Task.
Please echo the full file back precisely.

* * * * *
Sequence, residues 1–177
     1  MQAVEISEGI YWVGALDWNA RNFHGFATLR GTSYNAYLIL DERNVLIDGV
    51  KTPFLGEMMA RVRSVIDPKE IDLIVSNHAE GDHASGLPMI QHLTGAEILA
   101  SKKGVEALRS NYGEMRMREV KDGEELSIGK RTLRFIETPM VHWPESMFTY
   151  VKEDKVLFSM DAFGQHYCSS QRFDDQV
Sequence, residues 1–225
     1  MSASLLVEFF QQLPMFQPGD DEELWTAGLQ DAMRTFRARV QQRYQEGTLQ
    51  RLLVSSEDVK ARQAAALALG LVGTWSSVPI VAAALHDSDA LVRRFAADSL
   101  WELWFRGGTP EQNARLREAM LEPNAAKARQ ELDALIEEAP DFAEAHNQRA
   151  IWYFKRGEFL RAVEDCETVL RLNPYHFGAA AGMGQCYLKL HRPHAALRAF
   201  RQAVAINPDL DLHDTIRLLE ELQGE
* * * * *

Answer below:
Sequence, residues 1–177
     1  MQAVEISEGI YWVGALDWNA RNFHGFATLR GTSYNAYLIL DERNVLIDGV
    51  KTPFLGEMMA RVRSVIDPKE IDLIVSNHAE GDHASGLPMI QHLTGAEILA
   101  SKKGVEALRS NYGEMRMREV KDGEELSIGK RTLRFIETPM VHWPESMFTY
   151  VKEDKVLFSM DAFGQHYCSS QRFDDQV
Sequence, residues 1–225
     1  MSASLLVEFF QQLPMFQPGD DEELWTAGLQ DAMRTFRARV QQRYQEGTLQ
    51  RLLVSSEDVK ARQAAALALG LVGTWSSVPI VAAALHDSDA LVRRFAADSL
   101  WELWFRGGTP EQNARLREAM LEPNAAKARQ ELDALIEEAP DFAEAHNQRA
   151  IWYFKRGEFL RAVEDCETVL RLNPYHFGAA AGMGQCYLKL HRPHAALRAF
   201  RQAVAINPDL DLHDTIRLLE ELQGE